Paramilitaries on the March

Sunil Dasgupta
Sunil Dasgupta Former Brookings Expert, Director - University of Maryland, Baltimore County’s Political Science Program at the Universities at Shady Grove

April 6, 2003

Paramilitary forces are linked to some of the deadliest crimes of recent history. The ethnic cleansing in Bosnia and Kosovo was largely carried out by Serb paramilitary forces, not the regular military. Hutu militias, known as the Interahamwe, were responsible for the 1994 genocide in Rwanda. In Indonesia, West Timorese paramilitaries and government-organized youth squads ledthe “dirty wars” against the separatists of East Timor.

In the first two weeks of the war in Iraq, Iraqi paramilitary fighters, not Republican Guards or other formal military units, were responsible for most of the coalition casualties in combat.

These groups, the Saddam Fedayeen and Baath Party militias, like paramilitary forces everywhere, operate outside the regular military structures and serve to provide internal security for the regime that allowed their formation.

While Pentagon officials dismiss paramilitaries as a nuisance and a perversion of the rules of war, paramilitary forces are increasing the world over and will continue to pose challenges to American interests.

In 2002, from one-third to one-half of the total military manpower in China, Russia and India—the largest non-Western military powers in the world—was in paramilitary organizations. A report on the internal use of force by the East West Center, a research organization, found that, from 1975 to 1996, the ratio of government troops to the population rose 29 percent in Thailand, 42 percent in Burma, 63 percent in China, 64 percent in Pakistan and 71 percent in India.

Though paramilitaries are smaller than regular armies, their rapid growth and rising status make them more important than the sum of their numbers. The countries with the largest paramilitaries—including China, India, Russia, Pakistan, Indonesia, North Korea and Algeria—have doubled and tripled their relative importance (as a percentage of total military strength) in the last 30 years.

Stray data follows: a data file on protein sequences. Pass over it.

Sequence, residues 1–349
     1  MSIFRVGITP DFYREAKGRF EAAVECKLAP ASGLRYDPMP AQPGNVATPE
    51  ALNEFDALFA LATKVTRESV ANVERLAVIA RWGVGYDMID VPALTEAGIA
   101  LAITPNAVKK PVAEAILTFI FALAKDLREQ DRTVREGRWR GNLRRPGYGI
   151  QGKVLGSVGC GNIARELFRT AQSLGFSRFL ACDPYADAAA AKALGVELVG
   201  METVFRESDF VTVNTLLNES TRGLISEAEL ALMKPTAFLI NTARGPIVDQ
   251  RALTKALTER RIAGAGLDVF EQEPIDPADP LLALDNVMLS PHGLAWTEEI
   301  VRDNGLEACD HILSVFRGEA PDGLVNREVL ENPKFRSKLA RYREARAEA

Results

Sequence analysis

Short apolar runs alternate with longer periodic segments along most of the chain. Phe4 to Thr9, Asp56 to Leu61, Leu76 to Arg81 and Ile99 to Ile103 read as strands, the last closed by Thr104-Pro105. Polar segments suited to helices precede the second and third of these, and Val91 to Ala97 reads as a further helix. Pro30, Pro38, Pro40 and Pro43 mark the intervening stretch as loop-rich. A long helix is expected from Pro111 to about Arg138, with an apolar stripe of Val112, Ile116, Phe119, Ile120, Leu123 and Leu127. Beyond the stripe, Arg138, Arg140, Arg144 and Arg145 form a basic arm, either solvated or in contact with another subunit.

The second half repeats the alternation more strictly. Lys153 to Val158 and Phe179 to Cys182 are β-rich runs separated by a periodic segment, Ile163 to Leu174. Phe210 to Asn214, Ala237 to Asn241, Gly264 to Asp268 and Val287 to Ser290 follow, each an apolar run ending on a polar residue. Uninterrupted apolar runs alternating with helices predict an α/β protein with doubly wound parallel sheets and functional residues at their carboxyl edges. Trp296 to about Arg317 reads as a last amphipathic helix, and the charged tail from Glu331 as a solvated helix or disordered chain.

Paramilitaries, which grew out of the security and economic conditions in the developing world, were in many cases intended to be parallel military forces outside the military or police command to protect regimes from internal threats like separatist rebellions. They include constabulary forces, like the People’s Armed Police of China, a large, uniformed group developed as the first line of defense against civil unrest like that in Tiananmen Square in 1989. In some cases, paramilitaries are fighting the government, as in Colombia, where the United Self-Defense Forces emerged as local militias to guard farmers against leftist guerrillas but now control much of the drug trade.

Unlike regular militaries, which are built by training diverse recruits to work together, paramilitaries are drawn from politically reliable groups, creating ethnically or tribally based units. For example, the Saddam Fedayeen drew primarily on Sunnis from central Iraq.

The most dangerous type of paramilitary organization is the security intelligence agency, in which power is concentrated in few hands. Death squads, for example, are usually located within a country’s security intelligence agencies. In Egypt, the General Intelligence Agency conducted a brutal campaign against Islamists in that country, eventually forcing many of them to move to Sudan and Afghanistan.

Since their primary function is internal security, paramilitaries are adaptable. The fedayeen in Iraq, for example, have discarded uniforms, hidden among the civilian population, attacked the rear or ambushed coalition troops, sometimes luring them with white flags of surrender. As dispersed forces, the fedayeen could survive long after the lines of Iraqi military command have been disrupted.

Though many paramilitary forces resemble guerrilla warriors, they are more potent than guerrillas because of their access to the state’s resources. This also links their fate directly to the regime’s. The independence of East Timor, for example, was most forcefully resisted by paramilitaries in the former Indonesian province.

Under dictatorships, paramilitaries are often so identified with the government’s oppressive actions that the chances of clemency under a new government are likely limited. This can often undermine plans of a peaceful change.

In Brazil, for example, attempts to democratize in 1981 were undermined by the actions of the security intelligence agency, which had controlled many members of death squads in the 1970’s. By contrast, South Africa, under the leadership of the African National Congress, agreed not to prosecute members of the apartheid regime’s “dirty warriors” to ensure a peaceful transfer of power.

The ruthless effectiveness, tactical agility and continued survival of paramilitaries contrast with the weak militaries in many developing nations.

The effectiveness of paramilitaries also comes from the changed world in which wars are waged. New constraints on some shaky regimes—like human rights requirements—have driven the use of force underground.

In Iraq, the fedayeen and other paramilitary troops will eventually be defeated, but not without cost. If they inflict enough casualties and cause enough trouble, the Americans in charge of occupying Iraq might be lured into establishing truces with defecting elements of the regime. In Afghanistan, the effort to reduce fighting through local truces with warlords is one obstacle to stabilizing the country.

Clearly, disarming paramilitary forces is as much a political task as a military one.